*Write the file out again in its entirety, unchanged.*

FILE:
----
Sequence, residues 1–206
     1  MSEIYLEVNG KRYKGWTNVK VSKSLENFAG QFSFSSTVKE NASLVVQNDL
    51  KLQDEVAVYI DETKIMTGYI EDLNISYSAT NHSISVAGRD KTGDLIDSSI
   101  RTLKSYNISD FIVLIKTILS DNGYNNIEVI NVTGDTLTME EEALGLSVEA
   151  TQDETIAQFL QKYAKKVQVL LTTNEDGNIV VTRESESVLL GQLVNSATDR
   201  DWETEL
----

Sequence, residues 1–206
     1  MSEIYLEVNG KRYKGWTNVK VSKSLENFAG QFSFSSTVKE NASLVVQNDL
    51  KLQDEVAVYI DETKIMTGYI EDLNISYSAT NHSISVAGRD KTGDLIDSSI
   101  RTLKSYNISD FIVLIKTILS DNGYNNIEVI NVTGDTLTME EEALGLSVEA
   151  TQDETIAQFL QKYAKKVQVL LTTNEDGNIV VTRESESVLL GQLVNSATDR
   201  DWETEL